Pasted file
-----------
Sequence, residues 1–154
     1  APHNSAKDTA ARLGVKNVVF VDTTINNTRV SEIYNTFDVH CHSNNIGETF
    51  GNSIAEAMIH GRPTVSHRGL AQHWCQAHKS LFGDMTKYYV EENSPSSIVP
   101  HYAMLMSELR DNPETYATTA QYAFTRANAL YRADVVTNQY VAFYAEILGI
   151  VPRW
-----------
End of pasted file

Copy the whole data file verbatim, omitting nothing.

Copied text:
Sequence, residues 1–154
     1  APHNSAKDTA ARLGVKNVVF VDTTINNTRV SEIYNTFDVH CHSNNIGETF
    51  GNSIAEAMIH GRPTVSHRGL AQHWCQAHKS LFGDMTKYYV EENSPSSIVP
   101  HYAMLMSELR DNPETYATTA QYAFTRANAL YRADVVTNQY VAFYAEILGI
   151  VPRW